When I was in fifth grade, I wanted to audition to be in a show, but I didn't want to act, I just wanted to be a part of it. So my music teacher introduced me to the jobs that happen backstage. I ran lights for my fifth grade talent show and that was it for me. That's what I wanted to do for the rest of my life was work on these shows. I told my teachers and friends that this was going to become my career. I worked backstage at every show up until I graduated at 8th grade. During those years my dad's coworker also happened to be a very senior member of the stagehand union in our city, and told me that if i was serious about this business, that when I graduate college to give him a call. He gave me tours backstage of the arenas and theaters, and even let me work backstage on some high school level shows when I was in sixth grade.

By the time I started high school though, I was getting bored with musicals and my interest in theater was starting to fade a little bit. That December on our annual trip, my grandmother got my younger brothers and I tickets to go see the Blue Man Group. I didn't really know too much about them at the time, but when I saw them, it completely re-sparked my love for theater. I had never seen anything quite like it and didn't know that theater meant more than just musicals, and I just fell in love with the job all over again. I then signed up to be i my high schools stage crew, and by the end of my senior year, I had worked on every show and was the student moderator of the stage crew. All my friends that I had made in my high school's crew i consider my closest friends and brother today.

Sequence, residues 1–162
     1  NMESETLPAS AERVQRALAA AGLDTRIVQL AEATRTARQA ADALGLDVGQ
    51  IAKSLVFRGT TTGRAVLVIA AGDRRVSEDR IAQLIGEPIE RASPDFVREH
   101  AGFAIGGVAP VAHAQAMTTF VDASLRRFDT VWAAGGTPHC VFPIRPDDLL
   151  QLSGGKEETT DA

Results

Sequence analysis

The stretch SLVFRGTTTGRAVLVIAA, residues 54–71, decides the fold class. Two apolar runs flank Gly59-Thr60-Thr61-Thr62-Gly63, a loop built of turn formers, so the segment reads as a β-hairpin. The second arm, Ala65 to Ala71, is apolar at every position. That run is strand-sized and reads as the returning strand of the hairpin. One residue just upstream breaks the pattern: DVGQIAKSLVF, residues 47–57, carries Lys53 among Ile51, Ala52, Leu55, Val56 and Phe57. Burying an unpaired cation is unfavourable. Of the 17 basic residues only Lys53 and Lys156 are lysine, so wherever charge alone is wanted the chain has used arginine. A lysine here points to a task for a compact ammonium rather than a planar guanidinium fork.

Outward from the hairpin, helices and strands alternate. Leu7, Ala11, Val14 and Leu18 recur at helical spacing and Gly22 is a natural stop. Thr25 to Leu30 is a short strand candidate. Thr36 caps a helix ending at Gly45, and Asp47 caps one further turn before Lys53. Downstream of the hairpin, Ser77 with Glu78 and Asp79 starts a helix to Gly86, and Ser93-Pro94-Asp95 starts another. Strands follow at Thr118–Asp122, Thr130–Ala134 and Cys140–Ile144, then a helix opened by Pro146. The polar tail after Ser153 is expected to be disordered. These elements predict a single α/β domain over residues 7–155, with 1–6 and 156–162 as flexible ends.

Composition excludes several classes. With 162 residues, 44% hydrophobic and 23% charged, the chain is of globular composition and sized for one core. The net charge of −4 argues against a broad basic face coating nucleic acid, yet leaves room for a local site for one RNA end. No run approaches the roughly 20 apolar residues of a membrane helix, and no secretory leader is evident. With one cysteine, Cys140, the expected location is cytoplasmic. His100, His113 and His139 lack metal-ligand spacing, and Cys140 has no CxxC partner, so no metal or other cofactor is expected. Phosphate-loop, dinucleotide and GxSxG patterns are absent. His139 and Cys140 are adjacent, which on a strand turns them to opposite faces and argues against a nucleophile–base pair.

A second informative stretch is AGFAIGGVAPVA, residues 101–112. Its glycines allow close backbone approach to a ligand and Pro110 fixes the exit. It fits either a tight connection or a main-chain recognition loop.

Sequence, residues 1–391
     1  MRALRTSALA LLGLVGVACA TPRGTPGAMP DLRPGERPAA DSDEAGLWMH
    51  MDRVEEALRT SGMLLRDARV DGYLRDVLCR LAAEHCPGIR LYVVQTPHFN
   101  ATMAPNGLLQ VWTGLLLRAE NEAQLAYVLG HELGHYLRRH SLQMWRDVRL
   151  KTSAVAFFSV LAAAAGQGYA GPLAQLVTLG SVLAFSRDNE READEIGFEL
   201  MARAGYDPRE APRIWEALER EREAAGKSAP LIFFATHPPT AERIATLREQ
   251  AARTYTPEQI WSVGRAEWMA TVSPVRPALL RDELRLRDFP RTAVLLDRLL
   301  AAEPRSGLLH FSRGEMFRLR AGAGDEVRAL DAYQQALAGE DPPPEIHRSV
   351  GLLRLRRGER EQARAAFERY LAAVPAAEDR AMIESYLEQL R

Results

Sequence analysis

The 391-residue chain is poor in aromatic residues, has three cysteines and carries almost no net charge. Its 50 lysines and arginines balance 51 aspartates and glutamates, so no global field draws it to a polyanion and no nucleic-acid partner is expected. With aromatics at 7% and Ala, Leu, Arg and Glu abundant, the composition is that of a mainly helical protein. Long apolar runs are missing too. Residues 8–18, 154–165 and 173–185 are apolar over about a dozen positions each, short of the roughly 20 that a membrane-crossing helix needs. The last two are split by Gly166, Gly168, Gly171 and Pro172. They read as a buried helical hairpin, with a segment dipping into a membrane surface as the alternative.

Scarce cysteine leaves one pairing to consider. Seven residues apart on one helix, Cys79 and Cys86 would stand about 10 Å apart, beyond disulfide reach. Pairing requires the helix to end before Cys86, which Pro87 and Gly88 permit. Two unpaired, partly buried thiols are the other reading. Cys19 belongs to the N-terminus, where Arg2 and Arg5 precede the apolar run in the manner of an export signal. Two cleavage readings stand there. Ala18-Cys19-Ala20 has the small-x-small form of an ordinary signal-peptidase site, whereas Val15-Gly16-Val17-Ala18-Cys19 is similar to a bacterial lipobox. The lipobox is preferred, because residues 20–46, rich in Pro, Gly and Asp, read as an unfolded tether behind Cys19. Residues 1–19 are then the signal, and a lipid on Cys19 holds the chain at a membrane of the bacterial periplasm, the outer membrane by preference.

I went to College and got my AA degree at my community college's theater program, working in the shop full time as a student employee and got to be the Assistant Technical Director on our production of Joseph, the show that got me into theater so very long ago in the first place. I then graduated and transferred to Towson University, one of the best schools to study the craft in the northeast, where I got my Bachelor of Science in Fine Arts in 2009, where I also met my current girlfriend and made a bunch of great friends and associates that are now a major player in the Baltimore theater scene. During all of this, I worked at my local grocery store alongside my grandfather and grandmother, who were the produce and floral managers there respectively for 30 years. It was a family owned store, and the owners and employees there have known me since I was a child and have known that this is what I've always wanted to do. I worked there in many different departments throughout my high school and college days, and they always worked with me when the time came for me to work a show. I worked there from 2002 to 2011, and am incredibly grateful for all of the support that they gave me.

After I graduated, I worked for a regional theater company helping turn their normal theatre in the round into a cabaret theater. I worked there for a month until the job was done. After that for about two years I worked at the grocery story and just took every call I could get, which were very far in few between. I thought that my dreams were out of my reach, and went back to school to get my EMT license to see if i could get another career going, till my dad made a phone call to his old co-worker, and I out of nowhere I got a phone call from the union to come to the arena for a load out, and I haven't looked back since.